Scholarship benefactor Jason Bonsall wants people to know that he does not consider himself to be unique, or special, or extraordinary.
He’s just a regular guy who has found a way to help others. He has done so by starting a scholarship fund while an undergraduate philosophy major at UNC Charlotte.
“I want everyone to see I’m just a young guy who wanted to help people,” Bonsall said. “Maybe that will inspire people to realize that it’s not that hard. It’s not ivory tower stuff. Anybody can do it. And everybody should do it.”
Founded in 2012-13, the Jason Bonsall Promising Potential Scholarship has assisted two students with $7,500 awards in their first years at UNC Charlotte. While other people’s paths may differ from his, Bonsall is convinced that everyone can find a way to pitch in – whether with money, expertise or time.
“There’s a way, there’s a door to help people no matter what you have, no matter what kind of skills you have,” he said. “It’s important for me when people see me and hear me, they see a regular fellow.”
Bonsall chose to focus on students who had potential, yet needed a boost in their first year either because of financial or academic challenges.
A self-described “class clown” and “terrible student” while at Butler High School in Matthews, Bonsall entered the U.S. Army immediately after high school. Just before his 21st birthday, he sustained debilitating injuries in a car accident. He returned home, and with his mother’s encouragement, sampled classes at Central Piedmont Community College.
“It was the first time I ever sought out knowledge intentionally,” he said. “After a couple of years, I discovered philosophy.” He learned that the College of Liberal Arts & Sciences at UNC Charlotte offered dozens of courses in the discipline.
“I said, “I have to go there and learn more than just what I can figure out from these books in my living room,” ” Bonsall said. Since that time, he has found his passion in shaping the world through the political-social spectrum. He has presented at conferences, moderates on-line groups and continues his formal studies.
“The financial contributions I’m making are coming from my collection from my injuries,” he said. “It’s not money that I’m working to earn. So I feel (more) strongly compelled to give it back. It’s a community. There’s a compulsion, still, to give other people a chance that I’ve had from what I consider to not be my own work.”
Bonsall is encouraged that the scholarship recipients have also found ways to give back.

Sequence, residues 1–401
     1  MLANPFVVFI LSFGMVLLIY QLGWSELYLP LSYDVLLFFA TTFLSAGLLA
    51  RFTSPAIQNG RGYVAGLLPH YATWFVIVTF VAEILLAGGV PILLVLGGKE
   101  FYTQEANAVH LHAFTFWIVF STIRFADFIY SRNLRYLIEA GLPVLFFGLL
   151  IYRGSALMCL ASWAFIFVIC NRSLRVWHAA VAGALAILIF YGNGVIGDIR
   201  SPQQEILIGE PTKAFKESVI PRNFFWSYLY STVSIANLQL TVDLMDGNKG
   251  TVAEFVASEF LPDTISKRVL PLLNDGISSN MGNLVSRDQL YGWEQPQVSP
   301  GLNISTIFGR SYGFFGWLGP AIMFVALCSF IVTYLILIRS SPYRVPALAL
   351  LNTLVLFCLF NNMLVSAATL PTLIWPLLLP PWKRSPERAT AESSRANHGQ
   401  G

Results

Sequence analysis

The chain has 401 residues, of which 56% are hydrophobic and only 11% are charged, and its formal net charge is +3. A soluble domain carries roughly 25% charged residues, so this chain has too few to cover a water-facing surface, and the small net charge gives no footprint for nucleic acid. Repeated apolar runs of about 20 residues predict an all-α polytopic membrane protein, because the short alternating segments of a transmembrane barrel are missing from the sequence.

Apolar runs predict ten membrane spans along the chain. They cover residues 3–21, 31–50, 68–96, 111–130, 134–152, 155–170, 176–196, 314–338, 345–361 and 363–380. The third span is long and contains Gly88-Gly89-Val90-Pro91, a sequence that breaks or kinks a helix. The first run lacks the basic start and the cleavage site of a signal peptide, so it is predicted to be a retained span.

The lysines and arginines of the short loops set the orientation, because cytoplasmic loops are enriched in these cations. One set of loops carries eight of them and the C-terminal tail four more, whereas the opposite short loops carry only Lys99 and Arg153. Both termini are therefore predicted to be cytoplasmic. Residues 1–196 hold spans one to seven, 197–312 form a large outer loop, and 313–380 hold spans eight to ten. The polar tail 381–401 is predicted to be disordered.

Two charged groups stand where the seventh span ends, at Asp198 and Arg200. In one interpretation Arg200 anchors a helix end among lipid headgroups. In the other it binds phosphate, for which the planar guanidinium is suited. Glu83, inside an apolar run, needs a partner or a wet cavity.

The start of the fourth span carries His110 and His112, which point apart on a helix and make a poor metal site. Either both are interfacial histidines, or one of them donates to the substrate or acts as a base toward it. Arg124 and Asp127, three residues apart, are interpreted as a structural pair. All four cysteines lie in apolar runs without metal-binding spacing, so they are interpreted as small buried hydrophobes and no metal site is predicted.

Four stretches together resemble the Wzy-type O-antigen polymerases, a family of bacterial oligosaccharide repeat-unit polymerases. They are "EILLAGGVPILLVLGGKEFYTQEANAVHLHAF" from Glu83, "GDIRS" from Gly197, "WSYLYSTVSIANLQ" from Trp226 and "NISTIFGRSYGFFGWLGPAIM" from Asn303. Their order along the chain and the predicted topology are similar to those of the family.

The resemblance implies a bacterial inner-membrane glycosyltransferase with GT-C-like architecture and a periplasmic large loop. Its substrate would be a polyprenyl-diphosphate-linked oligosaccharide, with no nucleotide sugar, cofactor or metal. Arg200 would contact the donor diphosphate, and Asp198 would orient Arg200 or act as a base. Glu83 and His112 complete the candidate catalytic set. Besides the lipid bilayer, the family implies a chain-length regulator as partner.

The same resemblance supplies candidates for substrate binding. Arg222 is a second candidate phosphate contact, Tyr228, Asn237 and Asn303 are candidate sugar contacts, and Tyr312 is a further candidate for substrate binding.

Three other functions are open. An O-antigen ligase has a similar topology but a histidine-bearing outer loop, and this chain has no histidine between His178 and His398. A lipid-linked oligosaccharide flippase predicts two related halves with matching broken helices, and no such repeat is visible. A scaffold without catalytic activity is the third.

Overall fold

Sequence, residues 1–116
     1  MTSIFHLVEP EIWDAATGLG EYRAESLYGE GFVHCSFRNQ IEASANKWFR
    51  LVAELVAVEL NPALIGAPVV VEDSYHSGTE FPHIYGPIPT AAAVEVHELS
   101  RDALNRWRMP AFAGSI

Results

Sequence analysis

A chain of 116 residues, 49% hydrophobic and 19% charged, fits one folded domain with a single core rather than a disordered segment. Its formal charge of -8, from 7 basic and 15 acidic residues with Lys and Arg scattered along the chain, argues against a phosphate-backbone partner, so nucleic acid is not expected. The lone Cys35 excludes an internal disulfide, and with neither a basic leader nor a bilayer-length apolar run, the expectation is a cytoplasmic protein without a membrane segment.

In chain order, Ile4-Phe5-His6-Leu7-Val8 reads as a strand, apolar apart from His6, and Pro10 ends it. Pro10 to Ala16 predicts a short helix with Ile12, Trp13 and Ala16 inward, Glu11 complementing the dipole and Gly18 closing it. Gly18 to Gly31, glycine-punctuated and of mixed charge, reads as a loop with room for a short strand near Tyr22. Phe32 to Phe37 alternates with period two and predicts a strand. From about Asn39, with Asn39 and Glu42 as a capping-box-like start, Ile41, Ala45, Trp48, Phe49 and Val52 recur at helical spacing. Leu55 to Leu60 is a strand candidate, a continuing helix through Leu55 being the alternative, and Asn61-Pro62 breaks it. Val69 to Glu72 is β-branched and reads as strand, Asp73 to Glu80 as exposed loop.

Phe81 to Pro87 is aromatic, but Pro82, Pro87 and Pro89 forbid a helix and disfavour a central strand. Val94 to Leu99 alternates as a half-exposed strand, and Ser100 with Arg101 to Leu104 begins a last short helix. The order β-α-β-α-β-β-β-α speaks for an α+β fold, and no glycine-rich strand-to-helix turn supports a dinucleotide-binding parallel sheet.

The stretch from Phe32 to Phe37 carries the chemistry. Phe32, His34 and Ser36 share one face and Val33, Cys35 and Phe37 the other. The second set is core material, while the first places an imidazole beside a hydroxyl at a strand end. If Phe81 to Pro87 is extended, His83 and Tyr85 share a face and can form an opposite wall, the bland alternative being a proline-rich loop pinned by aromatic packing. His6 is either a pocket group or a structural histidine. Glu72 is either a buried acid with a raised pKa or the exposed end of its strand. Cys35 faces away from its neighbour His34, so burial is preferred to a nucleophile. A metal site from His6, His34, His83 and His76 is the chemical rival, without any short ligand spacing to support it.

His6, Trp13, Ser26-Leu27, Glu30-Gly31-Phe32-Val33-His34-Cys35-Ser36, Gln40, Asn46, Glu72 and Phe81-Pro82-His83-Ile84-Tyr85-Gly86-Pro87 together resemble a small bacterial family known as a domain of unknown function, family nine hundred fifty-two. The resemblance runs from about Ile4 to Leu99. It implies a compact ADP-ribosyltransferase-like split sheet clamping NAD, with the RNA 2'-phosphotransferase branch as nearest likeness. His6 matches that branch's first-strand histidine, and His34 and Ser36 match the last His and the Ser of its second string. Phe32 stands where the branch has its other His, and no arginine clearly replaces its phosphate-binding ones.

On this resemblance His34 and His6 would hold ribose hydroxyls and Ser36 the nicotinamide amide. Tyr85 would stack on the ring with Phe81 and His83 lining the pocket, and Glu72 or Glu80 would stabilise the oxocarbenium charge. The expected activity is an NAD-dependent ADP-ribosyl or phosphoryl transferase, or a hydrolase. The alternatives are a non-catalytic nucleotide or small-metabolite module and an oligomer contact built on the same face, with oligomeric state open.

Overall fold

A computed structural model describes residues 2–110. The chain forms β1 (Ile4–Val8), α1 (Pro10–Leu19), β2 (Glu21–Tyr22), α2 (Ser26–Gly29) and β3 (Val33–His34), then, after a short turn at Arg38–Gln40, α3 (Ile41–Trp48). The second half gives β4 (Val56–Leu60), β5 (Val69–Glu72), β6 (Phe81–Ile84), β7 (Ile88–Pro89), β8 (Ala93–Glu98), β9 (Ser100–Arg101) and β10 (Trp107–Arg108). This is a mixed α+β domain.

“My passion is to help others and care for others,” Edathil said. “Jason said, “I’m so glad that you know what you want and you have such a big heart to help others.” I want to make him feel that his money was worth it and the person he chose for the scholarship was worth it.”
Edathil has completed her sophomore year. The scholarship supported her during her freshman year and helped alleviate financial pressures.
“My parents were overjoyed when they heard I received the scholarship,” she said. “The scholarship also motivated me to do better in school. I knew I had someone backing me up.”
The support helped her stay focused on academics, which required a higher level of critical thinking than in high school, she said. “When you’re in college, you have to pull all the different things together and apply your knowledge,” she said. “It’s a different kind of thinking.”
As the second recipient of the scholarship, Aadyha King draws insights from her mother, a single parent who balanced a full-time job while also attending college. Her mother enrolled in college when King was in the sixth-grade, and they pulled together to build a stable environment for younger siblings in the home.
“She gave me the inspiration to go to college and make something of myself,” King said. “She said for me to not be like her and wait until the last minute to go to college. She also showed me that I’m the leader of my brothers. I’m showing them the path they need to take.”
King has paid off student loans and supported non-profit organizations and people with disabilities with the funds. “The scholarship award was really personal to me,” she said. “It would be really selfish of me to keep all the money to myself, especially when there are people who’ve helped me get to this point. I feel I need to give back.”
She currently is an active volunteer with the Black Student Union, the Removing Our Obstacles Through Sisterhood organization and other groups.
“I’ve been involved in volunteering and community service all my life,” she said. “I feel like the more education you get, the more helpful you can be to somebody else and to yourself.”
The College of Liberal Arts & Sciences depends on the generosity of dedicated alumni, students, parents and friends like you. To learn more about the many ways you can support our college, please contact Director Development Mai Li Munoz, MA, at firstname.lastname@example.org or 704-687-0084.